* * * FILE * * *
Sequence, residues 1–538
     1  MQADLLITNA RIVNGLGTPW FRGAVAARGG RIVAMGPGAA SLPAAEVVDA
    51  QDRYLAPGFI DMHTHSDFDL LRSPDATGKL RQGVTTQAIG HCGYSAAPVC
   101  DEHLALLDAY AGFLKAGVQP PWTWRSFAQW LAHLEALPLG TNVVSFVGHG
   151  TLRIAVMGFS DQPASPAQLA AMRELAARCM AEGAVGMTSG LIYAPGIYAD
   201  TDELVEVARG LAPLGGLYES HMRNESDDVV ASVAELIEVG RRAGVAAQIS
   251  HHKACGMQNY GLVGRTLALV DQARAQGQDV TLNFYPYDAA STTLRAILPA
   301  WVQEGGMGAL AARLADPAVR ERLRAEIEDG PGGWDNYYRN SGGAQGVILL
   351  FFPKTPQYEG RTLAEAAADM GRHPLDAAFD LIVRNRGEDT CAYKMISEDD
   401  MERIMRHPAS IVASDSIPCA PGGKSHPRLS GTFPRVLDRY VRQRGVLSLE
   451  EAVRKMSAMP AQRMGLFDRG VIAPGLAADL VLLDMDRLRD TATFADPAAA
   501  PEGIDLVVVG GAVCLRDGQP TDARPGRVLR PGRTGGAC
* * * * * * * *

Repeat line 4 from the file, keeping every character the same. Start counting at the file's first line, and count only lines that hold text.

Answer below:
   101  DEHLALLDAY AGFLKAGVQP PWTWRSFAQW LAHLEALPLG TNVVSFVGHG